Historical origin

Indian historical origin:

  This unique dimension of social injustice is the product of a peculiar historical past of India where the four Varnas or castes (Brahmin, Kshtriya, Vaisya and Sudra) have been the backbone of her social organization since time immemorial. There, in a structured society regulated by law, the people were compartmentalized into rigid and isolated classes, whose lives were dedicated to their respective specialized and different missions of life. There, at the lowest rung was Sudra, who was socially a Dalit (crushed) and an oppressed. The rationale of putting him on the lowest rung was that he was not able – because of his spirit’s lack to master or even control his lower animal tendencies. It was reasoned that because of his daily lowly activities or karmas, his propensity to fall down to the lower animal instincts and not to rise up and go ahead on the enlightened path, he deserved the lowest place on the social ladder. He was not able, it was argued, to steer his daily conduct onto the path (as laid down by the law of sages) neither of Brahmin, which entailed the mastery over one’s senses, desires and thoughts, nor of a Kshtriya, which needed the heart’s courage of being fearless in war and to sacrifice one’s life for the sake of his subjects, nor even of a Vaisya, which necessitated to be honest in one’s trading activities.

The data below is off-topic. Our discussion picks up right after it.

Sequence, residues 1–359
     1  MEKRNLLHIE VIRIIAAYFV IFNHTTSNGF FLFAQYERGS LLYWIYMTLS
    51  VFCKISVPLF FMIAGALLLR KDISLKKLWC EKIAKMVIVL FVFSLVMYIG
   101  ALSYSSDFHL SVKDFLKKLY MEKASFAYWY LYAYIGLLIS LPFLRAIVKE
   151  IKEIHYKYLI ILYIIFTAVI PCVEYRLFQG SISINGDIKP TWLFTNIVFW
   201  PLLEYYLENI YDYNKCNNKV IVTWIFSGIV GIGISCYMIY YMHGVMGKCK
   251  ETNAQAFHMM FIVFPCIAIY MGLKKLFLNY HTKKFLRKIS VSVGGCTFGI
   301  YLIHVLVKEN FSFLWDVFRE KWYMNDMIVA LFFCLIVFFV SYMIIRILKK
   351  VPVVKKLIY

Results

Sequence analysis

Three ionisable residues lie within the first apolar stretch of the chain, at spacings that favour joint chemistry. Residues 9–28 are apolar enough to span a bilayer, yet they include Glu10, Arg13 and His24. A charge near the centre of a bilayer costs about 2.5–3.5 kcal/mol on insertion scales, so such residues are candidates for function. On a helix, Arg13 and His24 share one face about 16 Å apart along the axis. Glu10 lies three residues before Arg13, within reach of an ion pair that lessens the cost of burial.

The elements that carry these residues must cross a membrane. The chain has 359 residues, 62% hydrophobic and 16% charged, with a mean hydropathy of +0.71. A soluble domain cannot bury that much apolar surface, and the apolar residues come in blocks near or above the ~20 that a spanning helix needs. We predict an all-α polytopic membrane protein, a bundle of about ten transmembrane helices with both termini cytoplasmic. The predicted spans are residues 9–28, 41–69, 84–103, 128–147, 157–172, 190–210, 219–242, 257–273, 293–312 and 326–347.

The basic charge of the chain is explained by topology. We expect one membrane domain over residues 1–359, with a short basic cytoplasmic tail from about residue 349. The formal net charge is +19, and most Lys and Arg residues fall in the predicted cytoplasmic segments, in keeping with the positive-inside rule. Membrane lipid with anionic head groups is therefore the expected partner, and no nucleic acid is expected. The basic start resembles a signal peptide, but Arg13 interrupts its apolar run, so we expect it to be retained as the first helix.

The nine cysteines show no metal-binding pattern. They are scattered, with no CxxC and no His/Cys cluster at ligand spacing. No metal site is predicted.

However, the moment the caste became heritable by one’s birth without any nexus to his activities or karma, the rationale for this fourfold social classification lost its moral force and relevance. Thenceforth, this classification became illogical, unjust and retrograde. Thenceforth, this classification became a tool of social oppression in the hands of so-called higher castes to serve their selfish interests.

  But the history does not move by logic and reason. The caste classification, though devoid of any reason, struck deep roots in the society and from that point of time – a point in remote antiquity – the social injustice in Hindu India commenced.